• Be prepared to protect facility staff with at least a minimal face respirator and gloves (even simple face-masks designed to protect against pesticide spray and vapor exposure would provide some protection). Respirator protection is most critical, followed by skin protection with butyl rubber gloves, rubber boots, and non-porous protective outer garments such as Tyvek (see "Personnel Protective Equipment" below).
  • Be prepared to quickly decontaminate victims by removing all clothing (plastic trash bags can be used for temporary disposal) and providing a warm shower with soap and shampoo. Lacking warm showers, a thorough sponge-bath with lots of warm soapy water will provide significant decontamination. Staff should be assured that decontamination itself is treatment.
  • Have on-hand standard treatments for chemical agent poisoning, including atropine and 2- PAM to treat patients and hospital personnel, if required.
  • Be prepared to replace or decontaminate potentially contaminated hospital equipment, including beds, gurneys, furniture, etc, with a warm soapy water wash-down.

Scenario 2 - At some point hospital staff will become aware that victims of a terrorist attack have arrived or will arrive at their facility. Simple decontamination procedures on victims prior to entrance to a hospital facility should be used to protect the facility and staff from contamination. Ideally, decontamination takes place outside the primary medical facility including the ER, to allow hospital staff to function without the need for special protective gear or procedures. Additionally, patient privacy and modesty is a major concern. Many hospitals will not have suitable dedicated resources, but adequate privacy can be provided with temporary measures such as tarps, plastic sheeting and similar materials hung from buildings or simple support poles, or tents. An adequate security plan (discussed below) will also be required after being alerted to a terrorist attack. Thus, in a recognized terrorist attack, a medical facility should be prepared to:

  • Use all the recommendations on protective gear, recognize the characteristic signs and symptoms of poisoning, and have on hand the appropriate treatments described above under scenario 1.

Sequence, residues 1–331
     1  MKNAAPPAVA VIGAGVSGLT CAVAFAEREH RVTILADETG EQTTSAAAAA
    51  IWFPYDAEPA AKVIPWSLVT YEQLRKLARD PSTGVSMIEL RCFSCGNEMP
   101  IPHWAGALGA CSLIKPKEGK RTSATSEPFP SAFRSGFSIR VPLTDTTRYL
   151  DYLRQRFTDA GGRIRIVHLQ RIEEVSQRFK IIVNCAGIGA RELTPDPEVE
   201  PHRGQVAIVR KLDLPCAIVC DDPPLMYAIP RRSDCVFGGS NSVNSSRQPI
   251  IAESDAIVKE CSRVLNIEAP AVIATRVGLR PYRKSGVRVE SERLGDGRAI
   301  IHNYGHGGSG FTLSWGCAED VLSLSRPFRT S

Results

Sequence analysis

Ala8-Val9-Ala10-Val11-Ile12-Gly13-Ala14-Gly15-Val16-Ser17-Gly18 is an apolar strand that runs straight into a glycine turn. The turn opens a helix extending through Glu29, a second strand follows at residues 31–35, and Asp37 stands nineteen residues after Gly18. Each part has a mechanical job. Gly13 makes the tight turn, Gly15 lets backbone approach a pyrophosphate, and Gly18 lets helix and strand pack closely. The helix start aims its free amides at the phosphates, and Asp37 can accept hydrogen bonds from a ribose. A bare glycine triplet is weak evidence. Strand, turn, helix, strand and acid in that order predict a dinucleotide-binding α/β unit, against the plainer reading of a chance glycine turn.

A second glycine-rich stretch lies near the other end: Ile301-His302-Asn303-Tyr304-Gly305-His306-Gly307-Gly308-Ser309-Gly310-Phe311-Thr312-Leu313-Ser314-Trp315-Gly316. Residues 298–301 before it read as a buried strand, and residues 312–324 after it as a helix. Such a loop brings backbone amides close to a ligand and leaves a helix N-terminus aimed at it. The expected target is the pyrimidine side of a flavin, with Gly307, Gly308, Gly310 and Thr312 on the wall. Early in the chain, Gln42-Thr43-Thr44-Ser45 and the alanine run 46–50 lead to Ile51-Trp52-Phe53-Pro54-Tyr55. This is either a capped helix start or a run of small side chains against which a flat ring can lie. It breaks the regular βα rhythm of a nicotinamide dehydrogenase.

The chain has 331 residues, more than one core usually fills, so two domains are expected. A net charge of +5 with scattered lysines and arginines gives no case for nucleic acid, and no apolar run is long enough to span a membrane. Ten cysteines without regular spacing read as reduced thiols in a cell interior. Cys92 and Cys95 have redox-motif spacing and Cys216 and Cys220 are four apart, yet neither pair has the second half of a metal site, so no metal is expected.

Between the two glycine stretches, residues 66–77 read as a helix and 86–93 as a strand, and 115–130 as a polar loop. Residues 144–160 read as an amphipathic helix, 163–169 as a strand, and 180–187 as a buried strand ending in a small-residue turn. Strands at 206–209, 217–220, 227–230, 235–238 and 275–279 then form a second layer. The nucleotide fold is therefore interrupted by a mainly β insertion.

• Provide basic decontamination with removal of all clothing followed by a 5-minute warm shower with soap and shampoo, and a warm rinse. Permanent shower facilities are best, but temporary "camping style" portable showers set up outside would work well too.
  • Implement a patient-flow and security plan to direct patients after thorough decontamination to the "Cold Zone" portion of the hospital, provide temporary dress in paper scrub outfits or similar clothing, and provide medical examination and direction to the most appropriate treatment location within the hospital.
  • Be on the alert for patients with immediate or delayed signs and symptoms of toxicity, who should be directed through the decontamination line ahead of patients estimated to be less likely to become ill (see triage definitions below). Moreover, staff should be prepared to administer antidotes, such as atropine or 2-PAM, in the event of patients who succumb before decontamination is completed.
  • Be prepared for non-ambulatory patients who will require assistance from hospital personnel equipped with at least minimal protection (face respirator and gloves), and disposable or easily decontaminated stretchers such as fiberglass stretchers designed for ambulances.
  • Have security in place to keep patients from unintentionally recontaminating themselves. Once patients leave the decontamination facility, they should not be allowed to re-enter.